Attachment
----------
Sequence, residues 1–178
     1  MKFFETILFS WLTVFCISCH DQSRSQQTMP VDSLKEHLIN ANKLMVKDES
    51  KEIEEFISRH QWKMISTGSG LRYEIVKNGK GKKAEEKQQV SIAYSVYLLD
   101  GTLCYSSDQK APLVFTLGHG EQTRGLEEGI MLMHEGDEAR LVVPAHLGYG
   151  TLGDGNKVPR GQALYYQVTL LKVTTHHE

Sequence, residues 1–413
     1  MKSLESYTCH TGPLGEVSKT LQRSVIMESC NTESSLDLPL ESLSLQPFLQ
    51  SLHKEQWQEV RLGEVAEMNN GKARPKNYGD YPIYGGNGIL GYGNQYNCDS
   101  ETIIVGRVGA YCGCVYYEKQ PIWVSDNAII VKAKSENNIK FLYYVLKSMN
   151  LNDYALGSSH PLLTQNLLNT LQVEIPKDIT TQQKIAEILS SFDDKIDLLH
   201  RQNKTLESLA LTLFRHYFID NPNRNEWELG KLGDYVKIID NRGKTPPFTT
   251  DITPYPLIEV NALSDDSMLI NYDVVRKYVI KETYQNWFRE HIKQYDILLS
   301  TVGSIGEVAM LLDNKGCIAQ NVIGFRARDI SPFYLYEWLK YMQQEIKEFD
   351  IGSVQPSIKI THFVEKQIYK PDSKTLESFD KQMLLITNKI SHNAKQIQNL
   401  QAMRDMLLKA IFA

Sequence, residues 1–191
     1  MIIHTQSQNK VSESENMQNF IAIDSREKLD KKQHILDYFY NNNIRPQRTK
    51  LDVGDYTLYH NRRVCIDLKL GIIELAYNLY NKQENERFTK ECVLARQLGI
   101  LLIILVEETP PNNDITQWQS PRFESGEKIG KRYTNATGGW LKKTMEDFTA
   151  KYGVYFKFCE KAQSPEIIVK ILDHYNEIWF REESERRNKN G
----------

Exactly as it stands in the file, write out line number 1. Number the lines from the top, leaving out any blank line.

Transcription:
Sequence, residues 1–178